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They'll keep buying Siemens because Deutschland über alles, but no, nationalism is never the best reason to do something.

And ultimately I agree; Germany could use the stimulus that a massive infrastructure investment would provide. However, as the literal birthplace of austerity and place where that idea has found a very loving home, it's probably not going to happen.
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Old December 7th, 2015, 11:54 PM   #776
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As I wrote before, Germany passed on the greatest transportation opportunity of last 50 years when it decided not to build a maglev (Transrapid) network.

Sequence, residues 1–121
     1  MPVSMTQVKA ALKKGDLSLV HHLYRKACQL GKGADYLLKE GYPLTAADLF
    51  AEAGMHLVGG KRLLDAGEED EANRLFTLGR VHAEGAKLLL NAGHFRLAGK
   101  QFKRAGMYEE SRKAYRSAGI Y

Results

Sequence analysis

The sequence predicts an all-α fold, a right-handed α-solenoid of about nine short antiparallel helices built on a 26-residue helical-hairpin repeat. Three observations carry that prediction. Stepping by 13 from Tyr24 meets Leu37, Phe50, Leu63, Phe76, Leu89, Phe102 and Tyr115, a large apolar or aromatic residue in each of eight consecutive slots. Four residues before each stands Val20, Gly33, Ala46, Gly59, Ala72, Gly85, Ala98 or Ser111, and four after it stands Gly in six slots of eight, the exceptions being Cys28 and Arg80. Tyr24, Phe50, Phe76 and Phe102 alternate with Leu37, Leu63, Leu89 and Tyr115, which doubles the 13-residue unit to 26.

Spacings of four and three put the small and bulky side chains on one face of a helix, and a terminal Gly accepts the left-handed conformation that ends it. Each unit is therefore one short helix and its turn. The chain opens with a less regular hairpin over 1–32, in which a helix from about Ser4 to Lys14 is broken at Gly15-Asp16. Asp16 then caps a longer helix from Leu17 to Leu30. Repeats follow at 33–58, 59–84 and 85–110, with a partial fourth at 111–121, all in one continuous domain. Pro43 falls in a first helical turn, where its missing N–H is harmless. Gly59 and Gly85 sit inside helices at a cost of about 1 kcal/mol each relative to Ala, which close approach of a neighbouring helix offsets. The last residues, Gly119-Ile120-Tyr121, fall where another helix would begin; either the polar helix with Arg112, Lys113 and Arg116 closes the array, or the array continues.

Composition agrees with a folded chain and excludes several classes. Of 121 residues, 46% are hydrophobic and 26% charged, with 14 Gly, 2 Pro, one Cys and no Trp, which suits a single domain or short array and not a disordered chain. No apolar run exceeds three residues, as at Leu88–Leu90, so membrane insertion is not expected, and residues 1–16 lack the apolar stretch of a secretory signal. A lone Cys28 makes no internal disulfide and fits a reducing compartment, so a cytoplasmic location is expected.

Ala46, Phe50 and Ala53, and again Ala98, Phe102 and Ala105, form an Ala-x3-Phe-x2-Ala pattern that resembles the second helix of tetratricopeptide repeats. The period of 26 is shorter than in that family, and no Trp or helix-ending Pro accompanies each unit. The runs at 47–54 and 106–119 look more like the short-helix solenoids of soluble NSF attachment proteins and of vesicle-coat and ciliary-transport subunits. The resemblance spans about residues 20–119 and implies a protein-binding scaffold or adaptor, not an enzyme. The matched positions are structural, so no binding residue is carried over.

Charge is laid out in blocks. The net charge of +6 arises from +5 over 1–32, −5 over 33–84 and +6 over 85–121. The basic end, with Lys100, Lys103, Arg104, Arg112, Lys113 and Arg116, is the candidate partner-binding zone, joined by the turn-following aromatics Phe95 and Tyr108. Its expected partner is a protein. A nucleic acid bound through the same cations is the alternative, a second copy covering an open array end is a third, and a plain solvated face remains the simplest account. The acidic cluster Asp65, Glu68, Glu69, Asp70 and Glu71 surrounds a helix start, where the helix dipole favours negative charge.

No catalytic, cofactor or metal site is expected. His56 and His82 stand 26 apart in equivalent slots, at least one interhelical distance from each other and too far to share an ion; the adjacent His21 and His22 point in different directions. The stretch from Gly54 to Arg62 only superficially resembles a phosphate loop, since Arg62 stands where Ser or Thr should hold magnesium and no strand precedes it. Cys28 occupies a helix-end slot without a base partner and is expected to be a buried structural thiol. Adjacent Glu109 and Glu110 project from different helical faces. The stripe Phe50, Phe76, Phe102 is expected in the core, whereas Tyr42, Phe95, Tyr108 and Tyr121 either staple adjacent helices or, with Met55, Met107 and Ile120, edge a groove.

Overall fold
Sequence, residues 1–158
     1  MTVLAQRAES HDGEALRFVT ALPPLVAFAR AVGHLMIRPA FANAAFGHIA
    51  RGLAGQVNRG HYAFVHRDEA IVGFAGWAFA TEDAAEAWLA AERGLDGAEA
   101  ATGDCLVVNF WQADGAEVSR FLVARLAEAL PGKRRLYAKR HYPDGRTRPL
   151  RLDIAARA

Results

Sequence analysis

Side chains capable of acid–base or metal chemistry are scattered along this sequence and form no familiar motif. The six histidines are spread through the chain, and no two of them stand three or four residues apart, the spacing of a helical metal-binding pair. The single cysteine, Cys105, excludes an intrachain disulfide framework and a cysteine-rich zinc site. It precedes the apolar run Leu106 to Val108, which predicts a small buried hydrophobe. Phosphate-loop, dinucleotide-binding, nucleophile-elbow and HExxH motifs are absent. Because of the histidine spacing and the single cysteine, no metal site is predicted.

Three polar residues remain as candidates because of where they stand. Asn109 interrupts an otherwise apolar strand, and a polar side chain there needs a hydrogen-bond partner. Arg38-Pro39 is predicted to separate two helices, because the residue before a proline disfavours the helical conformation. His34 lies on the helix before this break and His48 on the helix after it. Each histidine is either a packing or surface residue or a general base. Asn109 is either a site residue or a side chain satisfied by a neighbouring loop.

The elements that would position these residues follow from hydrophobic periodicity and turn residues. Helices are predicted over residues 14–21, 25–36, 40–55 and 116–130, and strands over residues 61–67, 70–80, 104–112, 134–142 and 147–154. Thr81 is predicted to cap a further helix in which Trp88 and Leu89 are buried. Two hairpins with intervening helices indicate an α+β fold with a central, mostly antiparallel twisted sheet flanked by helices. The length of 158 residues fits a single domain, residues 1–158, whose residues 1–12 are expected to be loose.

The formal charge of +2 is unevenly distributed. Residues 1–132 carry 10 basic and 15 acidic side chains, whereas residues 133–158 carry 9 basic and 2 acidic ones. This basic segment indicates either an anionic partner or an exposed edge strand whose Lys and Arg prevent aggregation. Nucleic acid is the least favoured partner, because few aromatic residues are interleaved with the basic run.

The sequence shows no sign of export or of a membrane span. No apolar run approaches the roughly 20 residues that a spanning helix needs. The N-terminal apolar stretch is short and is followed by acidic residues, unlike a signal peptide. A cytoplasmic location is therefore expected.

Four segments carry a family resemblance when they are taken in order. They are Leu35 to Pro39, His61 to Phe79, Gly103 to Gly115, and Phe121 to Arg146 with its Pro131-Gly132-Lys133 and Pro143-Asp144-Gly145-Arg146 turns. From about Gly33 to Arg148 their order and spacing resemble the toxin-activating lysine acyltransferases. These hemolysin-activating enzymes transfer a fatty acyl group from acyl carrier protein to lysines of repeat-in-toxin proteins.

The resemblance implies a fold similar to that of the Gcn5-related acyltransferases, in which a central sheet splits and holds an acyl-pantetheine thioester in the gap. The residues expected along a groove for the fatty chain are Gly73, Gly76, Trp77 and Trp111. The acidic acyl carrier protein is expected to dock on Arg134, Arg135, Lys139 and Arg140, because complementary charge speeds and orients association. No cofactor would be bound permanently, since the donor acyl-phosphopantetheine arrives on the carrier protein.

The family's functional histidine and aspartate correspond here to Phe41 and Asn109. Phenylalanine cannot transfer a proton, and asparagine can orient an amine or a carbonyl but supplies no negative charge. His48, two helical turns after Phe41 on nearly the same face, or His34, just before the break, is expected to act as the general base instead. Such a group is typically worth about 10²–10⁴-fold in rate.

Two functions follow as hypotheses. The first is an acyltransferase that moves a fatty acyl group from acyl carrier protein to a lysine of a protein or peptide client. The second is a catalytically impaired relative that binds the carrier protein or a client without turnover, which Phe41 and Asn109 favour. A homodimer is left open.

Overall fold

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Old December 8th, 2015, 01:05 AM   #777
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Quote:
Originally Posted by Shenkey View Post


Being bad looking. I must wonder what would be "good" looking to you.

You can also run faster trains slower, just as Chinese are doing. With that you also need less servicing. Also faster trains tend to have better engines, better aerodynamics and better materials.

I don't have any problems with running 250km/h, as you said, it is better to run more trains then few and those fast.
He has a point. The AGV might have advanced aerodynamics, but it certainly doesn't project a sleek image. It does look surprisingly ponderous and, frankly, ugly.

Case in point: The brown train in this picture is a better-looking train, irrespective of the technicals.
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I mean the other 350km/h train

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Old December 8th, 2015, 01:05 AM   #778